I work toward change for the better, alongside so many. And I feel change for the better is coming. Be well, my friends.
Wow, Stephen King’s 11.22.63 eight-part mini-series on Hulu, now that was an adaptation!
There have been some great adaptations of the legendary author’s works, The Green Mile, The Mist, and Shawshank Redemption to name a few, and some blunders (I’ll keep these to myself), but 11.22.63 is one of the best emanations of his books onto the film medium.
This is a spoiler free spout of words, though I delve into the overall plot that you would read on the inside cover of the book.
This J.J. Abrams produced mini-series was made to accurately portray an amazing tale of mystery, visually.
11/22/63, the novel, was one of King’s most ambitious pieces and is, in this author’s humble opinion, one of his greatest works.
Mr. King came up with the idea in 1971, less than a decade removed from President John F. Kennedy’s assassination by Lee Harvey Oswald (with help . . . possibly).
The idea required years of research and due diligence to sift through the many yarns told on that day, the myriad conspiracy theories, and the records of the very very strange FBI, CIA, and other US government agencies’ involvement with the one man we do know shot the President on that horrific day.
King, being very wise, felt he could not run with the idea at that point, because he did not have the time or wherewithal to invest himself fully into what he knew would consume his brain, his researching skills, and his skills as the most gifted of writers taking on a steep task of historical fiction with a time traveling twist.
Did Oswald act alone?
Did the CIA put him up to it?
Was there a second shooter?
These age-old questions have loomed for over fifty years and though we are no closer to finding the truth in our own timeline, King imagines answers to all of these questions and more in his epic story.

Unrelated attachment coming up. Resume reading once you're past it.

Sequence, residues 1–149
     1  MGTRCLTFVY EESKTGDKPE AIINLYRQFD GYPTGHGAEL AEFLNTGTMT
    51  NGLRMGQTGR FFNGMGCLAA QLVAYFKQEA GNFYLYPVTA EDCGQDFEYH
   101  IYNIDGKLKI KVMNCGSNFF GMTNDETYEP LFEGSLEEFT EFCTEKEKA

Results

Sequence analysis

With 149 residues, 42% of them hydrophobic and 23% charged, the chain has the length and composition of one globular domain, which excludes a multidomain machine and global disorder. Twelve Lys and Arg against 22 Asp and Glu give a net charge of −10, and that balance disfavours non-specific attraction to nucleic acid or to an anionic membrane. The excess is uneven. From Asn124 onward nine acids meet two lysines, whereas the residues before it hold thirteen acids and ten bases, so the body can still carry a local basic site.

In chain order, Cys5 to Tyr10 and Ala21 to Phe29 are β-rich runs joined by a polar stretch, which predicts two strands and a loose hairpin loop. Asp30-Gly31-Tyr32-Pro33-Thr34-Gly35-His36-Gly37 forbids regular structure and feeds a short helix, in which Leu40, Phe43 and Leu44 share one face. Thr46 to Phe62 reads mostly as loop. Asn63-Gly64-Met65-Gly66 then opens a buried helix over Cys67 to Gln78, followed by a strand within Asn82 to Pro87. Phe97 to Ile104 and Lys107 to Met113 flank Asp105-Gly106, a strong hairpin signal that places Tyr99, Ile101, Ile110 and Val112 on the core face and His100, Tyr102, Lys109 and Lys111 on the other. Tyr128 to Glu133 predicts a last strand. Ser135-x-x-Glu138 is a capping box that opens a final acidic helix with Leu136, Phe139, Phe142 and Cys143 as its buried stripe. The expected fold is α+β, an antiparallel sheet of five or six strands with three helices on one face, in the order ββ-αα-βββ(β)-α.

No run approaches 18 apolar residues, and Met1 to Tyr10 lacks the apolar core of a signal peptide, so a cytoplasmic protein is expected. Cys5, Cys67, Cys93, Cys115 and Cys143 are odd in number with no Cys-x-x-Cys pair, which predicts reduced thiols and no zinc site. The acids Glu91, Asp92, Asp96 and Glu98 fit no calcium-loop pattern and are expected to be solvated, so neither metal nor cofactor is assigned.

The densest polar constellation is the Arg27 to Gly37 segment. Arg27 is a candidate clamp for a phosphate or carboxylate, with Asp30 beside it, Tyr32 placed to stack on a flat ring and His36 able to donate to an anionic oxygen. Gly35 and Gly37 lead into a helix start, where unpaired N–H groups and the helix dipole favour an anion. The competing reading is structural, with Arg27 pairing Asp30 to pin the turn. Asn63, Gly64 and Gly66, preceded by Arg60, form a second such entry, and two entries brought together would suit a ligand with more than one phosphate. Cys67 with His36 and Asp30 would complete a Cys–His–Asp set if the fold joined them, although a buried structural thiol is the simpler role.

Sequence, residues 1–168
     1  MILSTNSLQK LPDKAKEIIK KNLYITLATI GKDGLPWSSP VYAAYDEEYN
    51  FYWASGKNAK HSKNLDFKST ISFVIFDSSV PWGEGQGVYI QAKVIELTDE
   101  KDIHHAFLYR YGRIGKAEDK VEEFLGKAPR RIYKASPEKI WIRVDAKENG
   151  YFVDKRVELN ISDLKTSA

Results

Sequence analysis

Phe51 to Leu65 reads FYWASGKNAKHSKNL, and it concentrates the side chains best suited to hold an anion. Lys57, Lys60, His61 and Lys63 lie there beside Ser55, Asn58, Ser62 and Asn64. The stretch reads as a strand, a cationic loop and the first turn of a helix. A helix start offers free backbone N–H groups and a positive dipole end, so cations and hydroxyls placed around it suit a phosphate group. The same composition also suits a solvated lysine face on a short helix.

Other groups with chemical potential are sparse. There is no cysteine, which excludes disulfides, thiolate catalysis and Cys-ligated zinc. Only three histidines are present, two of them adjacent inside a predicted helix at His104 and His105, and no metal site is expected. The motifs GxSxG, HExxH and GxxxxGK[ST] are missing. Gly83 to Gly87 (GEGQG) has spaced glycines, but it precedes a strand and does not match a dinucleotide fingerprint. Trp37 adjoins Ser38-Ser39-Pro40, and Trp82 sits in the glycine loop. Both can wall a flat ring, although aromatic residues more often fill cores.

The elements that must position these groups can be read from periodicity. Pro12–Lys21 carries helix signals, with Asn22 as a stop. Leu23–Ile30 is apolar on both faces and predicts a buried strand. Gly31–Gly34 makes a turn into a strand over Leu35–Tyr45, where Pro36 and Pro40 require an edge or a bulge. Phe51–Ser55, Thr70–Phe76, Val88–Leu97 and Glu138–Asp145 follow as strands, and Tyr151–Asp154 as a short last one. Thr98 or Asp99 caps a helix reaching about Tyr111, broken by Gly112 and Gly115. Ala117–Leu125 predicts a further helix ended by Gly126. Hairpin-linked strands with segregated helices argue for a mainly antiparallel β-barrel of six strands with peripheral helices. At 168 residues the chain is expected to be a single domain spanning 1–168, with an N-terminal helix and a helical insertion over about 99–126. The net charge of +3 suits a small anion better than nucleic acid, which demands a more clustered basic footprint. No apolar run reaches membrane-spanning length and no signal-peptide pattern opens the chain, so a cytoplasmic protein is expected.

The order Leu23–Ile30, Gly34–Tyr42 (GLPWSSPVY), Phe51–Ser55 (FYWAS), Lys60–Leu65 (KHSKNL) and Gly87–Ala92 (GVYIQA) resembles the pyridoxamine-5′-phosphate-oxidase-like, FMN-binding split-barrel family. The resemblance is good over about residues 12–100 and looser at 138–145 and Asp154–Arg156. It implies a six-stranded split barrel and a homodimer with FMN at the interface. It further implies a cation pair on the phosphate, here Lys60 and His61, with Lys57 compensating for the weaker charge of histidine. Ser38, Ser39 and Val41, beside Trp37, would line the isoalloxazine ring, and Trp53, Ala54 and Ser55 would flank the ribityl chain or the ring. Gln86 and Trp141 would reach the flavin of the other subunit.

There is so much research, not just into how the 1950’s and 1960’s were in the US, but also into the lives of the Oswald’s and the crazy events that happened in history, from General Walker’s failed assassination attempt, to the hand written letter Lee wrote to a federal agent. There are so many documented details from numerous sources about that day and the days leading up to it.
The book 11/22/63 was a huge success in both a long stay on the best seller list, and the tremendously emotional and epic journey of Jake Epping.
And the TV mini-series is just as impactful.
Jake learns of a secret door at Al’s Diner to September 9, 1958, at 11:58 a.m.
You go through and come back to 2011.
You go back to the same time and events in 1958.
Al has been going back to 1958 and researching the Marxist Lee Oswald to see if he acted alone to murder JFK or if he acted for a Communist or democratic agency.
You can come back to the future in the 2000’s and any changes you made in the past keep, at least until you go back in time again, which resets it all back to the start.
Al has become consumed with the idea of saving JFK on 11/22/63 and forever altering history to improve the world.
But the past does not want to change, and it fights back.